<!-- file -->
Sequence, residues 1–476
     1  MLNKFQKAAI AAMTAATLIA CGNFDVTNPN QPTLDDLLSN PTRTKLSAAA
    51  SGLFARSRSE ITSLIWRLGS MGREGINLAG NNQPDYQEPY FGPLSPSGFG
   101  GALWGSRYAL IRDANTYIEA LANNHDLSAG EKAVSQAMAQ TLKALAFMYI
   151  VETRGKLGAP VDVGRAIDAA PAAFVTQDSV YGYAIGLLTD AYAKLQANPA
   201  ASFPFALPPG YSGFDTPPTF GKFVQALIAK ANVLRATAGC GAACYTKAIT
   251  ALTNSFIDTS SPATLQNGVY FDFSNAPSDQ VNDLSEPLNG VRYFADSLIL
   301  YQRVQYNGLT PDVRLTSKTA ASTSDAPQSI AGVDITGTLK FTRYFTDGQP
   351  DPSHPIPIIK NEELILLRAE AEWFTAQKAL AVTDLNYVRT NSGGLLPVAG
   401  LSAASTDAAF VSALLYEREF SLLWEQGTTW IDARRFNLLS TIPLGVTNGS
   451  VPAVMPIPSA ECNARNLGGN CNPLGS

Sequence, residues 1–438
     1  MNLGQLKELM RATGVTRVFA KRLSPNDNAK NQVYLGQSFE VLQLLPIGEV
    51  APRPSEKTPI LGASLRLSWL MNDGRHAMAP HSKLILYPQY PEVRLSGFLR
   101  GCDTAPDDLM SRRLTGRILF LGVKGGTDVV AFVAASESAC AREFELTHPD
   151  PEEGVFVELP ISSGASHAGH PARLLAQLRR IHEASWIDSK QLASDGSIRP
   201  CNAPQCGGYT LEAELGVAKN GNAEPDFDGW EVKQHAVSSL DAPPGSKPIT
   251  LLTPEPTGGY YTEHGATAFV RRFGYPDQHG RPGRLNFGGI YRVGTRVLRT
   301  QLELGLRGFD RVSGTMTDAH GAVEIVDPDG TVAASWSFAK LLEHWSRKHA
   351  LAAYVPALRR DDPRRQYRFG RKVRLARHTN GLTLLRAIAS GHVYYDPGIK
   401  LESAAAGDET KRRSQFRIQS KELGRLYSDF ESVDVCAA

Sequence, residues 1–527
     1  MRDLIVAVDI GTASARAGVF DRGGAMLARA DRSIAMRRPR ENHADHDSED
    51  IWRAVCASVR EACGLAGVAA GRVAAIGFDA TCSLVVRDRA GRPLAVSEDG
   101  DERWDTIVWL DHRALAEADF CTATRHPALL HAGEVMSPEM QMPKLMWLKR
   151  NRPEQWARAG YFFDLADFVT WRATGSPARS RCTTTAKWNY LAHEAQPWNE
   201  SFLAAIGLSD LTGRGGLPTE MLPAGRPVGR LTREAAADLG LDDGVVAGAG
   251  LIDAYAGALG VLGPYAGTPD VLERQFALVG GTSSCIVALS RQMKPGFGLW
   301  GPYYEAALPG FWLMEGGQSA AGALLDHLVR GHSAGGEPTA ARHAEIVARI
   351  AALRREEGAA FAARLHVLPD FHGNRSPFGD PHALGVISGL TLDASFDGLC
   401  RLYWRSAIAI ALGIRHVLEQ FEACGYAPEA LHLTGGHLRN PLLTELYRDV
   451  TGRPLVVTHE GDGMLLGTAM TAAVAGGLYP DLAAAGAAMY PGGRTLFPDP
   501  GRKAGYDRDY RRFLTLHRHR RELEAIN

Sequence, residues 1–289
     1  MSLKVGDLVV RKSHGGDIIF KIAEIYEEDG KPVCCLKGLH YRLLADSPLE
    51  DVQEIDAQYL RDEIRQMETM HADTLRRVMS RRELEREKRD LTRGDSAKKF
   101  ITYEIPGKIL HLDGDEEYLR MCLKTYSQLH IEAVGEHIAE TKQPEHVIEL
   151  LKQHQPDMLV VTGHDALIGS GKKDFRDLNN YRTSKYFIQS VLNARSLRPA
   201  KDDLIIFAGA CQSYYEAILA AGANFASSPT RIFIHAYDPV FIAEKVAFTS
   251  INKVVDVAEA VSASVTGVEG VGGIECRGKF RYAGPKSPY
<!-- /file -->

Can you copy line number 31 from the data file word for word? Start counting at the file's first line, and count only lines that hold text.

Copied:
   401  RLYWRSAIAI ALGIRHVLEQ FEACGYAPEA LHLTGGHLRN PLLTELYRDV